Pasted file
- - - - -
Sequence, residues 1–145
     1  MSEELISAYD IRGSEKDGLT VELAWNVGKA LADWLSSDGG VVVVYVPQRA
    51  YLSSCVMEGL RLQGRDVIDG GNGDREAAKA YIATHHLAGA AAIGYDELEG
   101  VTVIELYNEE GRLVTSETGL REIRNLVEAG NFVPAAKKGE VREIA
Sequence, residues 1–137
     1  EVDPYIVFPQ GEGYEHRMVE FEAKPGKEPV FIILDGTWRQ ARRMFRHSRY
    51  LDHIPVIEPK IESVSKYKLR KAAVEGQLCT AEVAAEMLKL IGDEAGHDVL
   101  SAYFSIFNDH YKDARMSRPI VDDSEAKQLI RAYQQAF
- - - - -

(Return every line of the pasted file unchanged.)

Sequence, residues 1–145
     1  MSEELISAYD IRGSEKDGLT VELAWNVGKA LADWLSSDGG VVVVYVPQRA
    51  YLSSCVMEGL RLQGRDVIDG GNGDREAAKA YIATHHLAGA AAIGYDELEG
   101  VTVIELYNEE GRLVTSETGL REIRNLVEAG NFVPAAKKGE VREIA
Sequence, residues 1–137
     1  EVDPYIVFPQ GEGYEHRMVE FEAKPGKEPV FIILDGTWRQ ARRMFRHSRY
    51  LDHIPVIEPK IESVSKYKLR KAAVEGQLCT AEVAAEMLKL IGDEAGHDVL
   101  SAYFSIFNDH YKDARMSRPI VDDSEAKQLI RAYQQAF